Talking about the private body parts with no shame and guilt also paves a way for children to gain confidence about their body and for adults to start the conversation of body safety and consent. This makes children less vulnerable to child sexual abuse as offenders looking for their targets are less likely to pick confident, educated and informed kids who talk openly with their parents about their bodies and do not keep secrets from their parents. At Cactus Foundation we come across so many stories of abuse where children want to share their stories of sexual abuse and they do try to talk about it. Unfortunately, in absence of clear and direct communication kids are often unheard and misunderstood.
10] Helps break stereotypes and stigma
There are a lot of stereotypes associated with the sexual organs and features that have been being passed down for generations. Having an open conversation about these topics is important to not only let go of the stigma but also to avoid the gruesome impact these stereotypes can potentially have on the children and the society. This open dialogue cannot happen without calling spade a spade that is calling the private body parts, the sexual organs by their actual names. It also helps build the right belief system about body safety , sex , intimacy that is based on rational approach. It is an important aspect of teaching our kids to be assertive.
11] Promotes effective communication between parents and children
Parents talking about genitals with their children in a positive manner creates a healthy and happy dynamic between parents and their children. It helps increase the bond between children and parents and make open, non secretive communication a norm in the family. Your teenagers will look up to you to find answers to their questions about changes in body, hormones and feelings. Isn't it important that we need to do all things possible to have a strong connection with our kids that facilitates effective, healthy and open communication. In an age where strong internet connections are a trend and anyone can ask any question and get thousands of answers, its really important to start doing things that are important before they become urgent.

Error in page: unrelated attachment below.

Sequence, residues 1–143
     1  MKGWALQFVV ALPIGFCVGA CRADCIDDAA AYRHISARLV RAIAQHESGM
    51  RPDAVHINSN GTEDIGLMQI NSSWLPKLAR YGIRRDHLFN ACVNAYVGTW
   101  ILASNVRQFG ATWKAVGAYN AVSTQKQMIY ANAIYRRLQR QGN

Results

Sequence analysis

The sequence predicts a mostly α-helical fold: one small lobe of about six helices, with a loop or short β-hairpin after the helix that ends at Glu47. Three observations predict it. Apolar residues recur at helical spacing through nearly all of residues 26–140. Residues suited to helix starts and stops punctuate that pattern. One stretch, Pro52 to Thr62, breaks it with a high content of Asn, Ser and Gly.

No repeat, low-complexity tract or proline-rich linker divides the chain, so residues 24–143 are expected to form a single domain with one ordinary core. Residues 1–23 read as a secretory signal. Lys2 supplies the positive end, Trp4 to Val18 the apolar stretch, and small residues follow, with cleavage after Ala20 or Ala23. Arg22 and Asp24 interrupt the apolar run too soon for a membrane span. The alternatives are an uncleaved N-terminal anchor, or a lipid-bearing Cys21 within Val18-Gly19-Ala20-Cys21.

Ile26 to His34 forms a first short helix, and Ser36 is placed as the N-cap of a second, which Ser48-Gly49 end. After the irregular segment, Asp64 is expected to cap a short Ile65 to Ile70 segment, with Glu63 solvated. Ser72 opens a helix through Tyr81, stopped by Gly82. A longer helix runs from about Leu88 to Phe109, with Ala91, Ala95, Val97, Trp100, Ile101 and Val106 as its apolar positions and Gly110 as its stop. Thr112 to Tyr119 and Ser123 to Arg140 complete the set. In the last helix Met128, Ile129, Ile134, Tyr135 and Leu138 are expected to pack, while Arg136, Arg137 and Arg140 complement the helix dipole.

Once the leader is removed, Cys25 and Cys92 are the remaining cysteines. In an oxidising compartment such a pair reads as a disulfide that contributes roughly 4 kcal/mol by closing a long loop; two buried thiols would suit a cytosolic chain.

12] Ensures a strong start to raising aware kids with body autonomy and healthy sexual attitudes
While raising kids parents must understand the importance of strong foundations. When you begin by labeling the body parts with appropriate scientific and medical names, you are setting the foundation for healthy sex education and sexual attitudes. As adults, parents and teachers we cannot shy away from such an important aspect of growing up. Kids who are taught the right medical and scientific names of their genitals learn the higher concepts related to sex , sexuality, gender, intimacy, interpersonal relationships in a very open, receptive and rational way. This also helps you to easen up and develop a healthy culture at home that helps in connecting, engaging and initiating difficult conversations while your child grows up.
The importance of children knowing the actual names of ALL of their body parts cannot be emphasized enough. Having an open and accurate conversation with a child while they’re young helps parents confidently support their children through puberty.
And afterall, knowledge is empowering. It helps children to take ownership of their body from the very beginning and makes things easier for them as they grow old.